A certain condo was listed in beautiful Buena Park on lakefront with a view of Lake Michigan for $125,000! Many would say this is incredibly underpriced, however for the broker involved, he thought it was fair market value.
As our market continues to transition, many could likely say that that condo was a deal. The problem for the managing broker, Mark Zipperer of Remax Edge, wasn’t the listed price; it was that the unit was appraised for $105,000, and decided to speak out regarding the problems with real estate appraisals.
Zipperer commented, “This is why I think the entire industry should be reevaluated. They have internal issues that they have to solve. They (real estate appraisers) are killing our business.”
Shocked by the results, this is something Brokers and Agents had grown somewhat accustomed to over the last few years when the market was still finding its bottom; he went through the Comparative Market Analysis, CMA. What he discovered was that the appraiser failed to consider some crucial information that had an effect on his results.
For starters, the appraiser failed to use a unit with the same floor level and generally considered to have similar view amenity. The unit appraised was on the 17th floor and one of the units which was used for comparison, although in the same building, was 10 floors below. In and of itself, a unit 10 floors below is not a problem, especially if it is the same tier and generally the same floor plan. Traditionally in vertical buildings in large cities the prices are higher as the floors get higher due to better views and less noise from the traffic below.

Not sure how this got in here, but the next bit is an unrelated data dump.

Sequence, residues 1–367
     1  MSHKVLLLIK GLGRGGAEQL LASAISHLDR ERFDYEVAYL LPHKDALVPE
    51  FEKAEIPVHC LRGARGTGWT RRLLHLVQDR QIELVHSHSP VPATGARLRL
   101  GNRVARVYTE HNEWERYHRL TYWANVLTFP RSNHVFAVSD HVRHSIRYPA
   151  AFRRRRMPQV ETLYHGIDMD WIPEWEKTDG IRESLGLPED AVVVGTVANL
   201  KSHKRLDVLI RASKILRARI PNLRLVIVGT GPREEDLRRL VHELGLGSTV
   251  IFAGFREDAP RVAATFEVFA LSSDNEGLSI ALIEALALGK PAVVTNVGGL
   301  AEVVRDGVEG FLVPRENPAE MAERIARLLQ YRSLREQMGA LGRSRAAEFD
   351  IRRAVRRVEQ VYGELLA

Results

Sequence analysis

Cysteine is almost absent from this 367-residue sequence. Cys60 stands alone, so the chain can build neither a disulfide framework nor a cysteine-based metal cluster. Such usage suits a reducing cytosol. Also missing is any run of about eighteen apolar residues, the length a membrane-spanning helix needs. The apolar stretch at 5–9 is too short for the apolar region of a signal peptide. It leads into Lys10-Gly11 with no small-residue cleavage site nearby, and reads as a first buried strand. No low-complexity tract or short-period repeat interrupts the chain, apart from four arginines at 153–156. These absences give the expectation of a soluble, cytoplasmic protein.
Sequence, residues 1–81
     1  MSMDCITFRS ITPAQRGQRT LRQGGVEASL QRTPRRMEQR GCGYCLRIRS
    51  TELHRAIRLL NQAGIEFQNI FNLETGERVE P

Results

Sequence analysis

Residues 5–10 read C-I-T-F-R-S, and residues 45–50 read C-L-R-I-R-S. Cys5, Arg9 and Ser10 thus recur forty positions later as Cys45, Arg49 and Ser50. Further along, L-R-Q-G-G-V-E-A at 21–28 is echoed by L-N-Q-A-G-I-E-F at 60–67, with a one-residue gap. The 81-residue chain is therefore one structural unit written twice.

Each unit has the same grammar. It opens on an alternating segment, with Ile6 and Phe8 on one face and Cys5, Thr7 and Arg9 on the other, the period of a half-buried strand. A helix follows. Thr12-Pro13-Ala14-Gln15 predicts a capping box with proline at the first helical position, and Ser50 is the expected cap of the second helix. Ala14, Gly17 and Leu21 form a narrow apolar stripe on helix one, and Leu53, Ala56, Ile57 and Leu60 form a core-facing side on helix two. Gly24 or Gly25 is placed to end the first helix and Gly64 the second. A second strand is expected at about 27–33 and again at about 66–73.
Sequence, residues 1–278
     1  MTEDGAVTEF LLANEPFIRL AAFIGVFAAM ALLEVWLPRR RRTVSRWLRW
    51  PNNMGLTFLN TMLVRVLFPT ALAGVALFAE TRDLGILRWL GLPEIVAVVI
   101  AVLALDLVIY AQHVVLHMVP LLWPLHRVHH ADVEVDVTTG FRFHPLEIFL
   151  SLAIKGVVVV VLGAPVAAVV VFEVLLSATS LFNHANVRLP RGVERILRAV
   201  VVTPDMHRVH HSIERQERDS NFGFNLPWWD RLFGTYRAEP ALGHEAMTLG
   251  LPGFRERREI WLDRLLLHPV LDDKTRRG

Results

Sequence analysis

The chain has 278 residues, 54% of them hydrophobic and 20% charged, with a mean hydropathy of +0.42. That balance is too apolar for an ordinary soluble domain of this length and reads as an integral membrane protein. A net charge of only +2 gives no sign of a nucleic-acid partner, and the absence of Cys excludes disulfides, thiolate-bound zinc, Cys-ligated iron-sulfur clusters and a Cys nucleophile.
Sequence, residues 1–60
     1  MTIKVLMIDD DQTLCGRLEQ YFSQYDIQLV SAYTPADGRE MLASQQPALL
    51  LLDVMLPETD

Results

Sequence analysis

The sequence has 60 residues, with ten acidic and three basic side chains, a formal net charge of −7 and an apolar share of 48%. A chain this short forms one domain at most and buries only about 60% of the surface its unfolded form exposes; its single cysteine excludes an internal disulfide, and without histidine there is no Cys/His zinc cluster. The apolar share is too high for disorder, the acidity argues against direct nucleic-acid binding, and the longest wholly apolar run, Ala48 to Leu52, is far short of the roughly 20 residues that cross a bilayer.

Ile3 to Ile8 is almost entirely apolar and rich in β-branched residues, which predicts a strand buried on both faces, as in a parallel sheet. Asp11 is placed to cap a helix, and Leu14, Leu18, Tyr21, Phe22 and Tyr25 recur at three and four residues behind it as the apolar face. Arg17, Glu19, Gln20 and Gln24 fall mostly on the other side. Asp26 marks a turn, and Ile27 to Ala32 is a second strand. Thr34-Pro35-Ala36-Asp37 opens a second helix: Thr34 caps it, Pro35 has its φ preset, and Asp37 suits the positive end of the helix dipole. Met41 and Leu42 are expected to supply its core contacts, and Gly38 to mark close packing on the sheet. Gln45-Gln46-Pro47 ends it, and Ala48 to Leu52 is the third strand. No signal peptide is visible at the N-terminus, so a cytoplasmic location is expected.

Coincidentally, Mark Zipperer was the Broker on the other unit referenced in the appraisal as well. So what he pointed out to the appraiser was that the other unit was a short sale and not a conventional sale.
The kicker here is that the lower unit did not have the luxurious lakefront view that the unit on the 17th floor had… This presented yet another challenge between the Broker and the appraiser.
Another “comp” used in the appraisal was from a nearby building which had no balcony when the unit being listed had a balcony. Again, this is not a problem, but if the typical buyer is seeking a balcony, then a financial adjustment is best suited to achieve parity.
The National Association of Realtors released the Realtor Confidence Index back in March 2013, which reported some disturbing results.
<!--[if !supportLists]-->· <!--[endif]-->29% of Realtors that took the survey reported problems with appraisals.
<!--[if !supportLists]-->· <!--[endif]-->10% of Realtors said the appraisals resulted in the sale being negotiated down.
<!--[if !supportLists]-->· <!--[endif]-->10% of Realtors reported that the Contracts failed to close as a result of the appraisal.
In the end the appraiser did make some adjustments to the appraisal report for being on a higher floor, having the lake view and it being a non-distressed sale. However, this could stand as a lesson for Agents; to make sure to confirm with the appraiser that he/she has experience in the area and in a case like this, the building itself or others like it close by.
Of course we cannot overlook, that in most cases, the appraiser is assigned an appraisal by a lender’s appraisal management company, and therefore the lender has no say in who will handle the assignment. If the appraiser assigned to your transaction does not have the experience necessary in that specific neighborhood, subdivision, or in this case, a high-rise building, an agent can always submit a request for a competent appraiser.